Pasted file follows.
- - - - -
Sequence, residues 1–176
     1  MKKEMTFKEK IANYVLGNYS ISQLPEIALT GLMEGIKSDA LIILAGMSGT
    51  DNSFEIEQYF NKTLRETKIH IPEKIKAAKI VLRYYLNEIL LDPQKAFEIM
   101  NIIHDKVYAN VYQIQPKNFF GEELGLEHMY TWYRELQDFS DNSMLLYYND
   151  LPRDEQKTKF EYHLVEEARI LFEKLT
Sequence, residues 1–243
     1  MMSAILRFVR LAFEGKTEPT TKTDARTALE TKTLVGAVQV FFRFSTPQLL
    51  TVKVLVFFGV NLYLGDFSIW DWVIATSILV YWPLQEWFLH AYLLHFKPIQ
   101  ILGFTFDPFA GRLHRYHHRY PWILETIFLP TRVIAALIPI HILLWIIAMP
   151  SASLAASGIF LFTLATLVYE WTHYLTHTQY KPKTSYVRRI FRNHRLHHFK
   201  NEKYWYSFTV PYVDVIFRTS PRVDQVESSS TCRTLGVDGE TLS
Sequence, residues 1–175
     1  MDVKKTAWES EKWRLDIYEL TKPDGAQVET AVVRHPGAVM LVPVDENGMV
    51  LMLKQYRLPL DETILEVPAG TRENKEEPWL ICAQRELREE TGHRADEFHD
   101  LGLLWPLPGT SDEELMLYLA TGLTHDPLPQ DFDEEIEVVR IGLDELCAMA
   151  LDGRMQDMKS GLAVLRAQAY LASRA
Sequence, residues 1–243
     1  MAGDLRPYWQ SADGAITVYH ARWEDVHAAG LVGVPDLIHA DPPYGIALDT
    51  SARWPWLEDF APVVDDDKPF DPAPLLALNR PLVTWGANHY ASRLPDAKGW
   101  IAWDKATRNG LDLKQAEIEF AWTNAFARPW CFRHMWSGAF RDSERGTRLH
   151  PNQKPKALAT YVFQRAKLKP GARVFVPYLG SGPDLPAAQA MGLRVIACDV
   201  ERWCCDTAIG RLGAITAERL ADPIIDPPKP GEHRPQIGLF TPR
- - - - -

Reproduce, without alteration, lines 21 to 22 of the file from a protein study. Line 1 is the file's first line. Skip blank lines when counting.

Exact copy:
   151  PNQKPKALAT YVFQRAKLKP GARVFVPYLG SGPDLPAAQA MGLRVIACDV
   201  ERWCCDTAIG RLGAITAERL ADPIIDPPKP GEHRPQIGLF TPR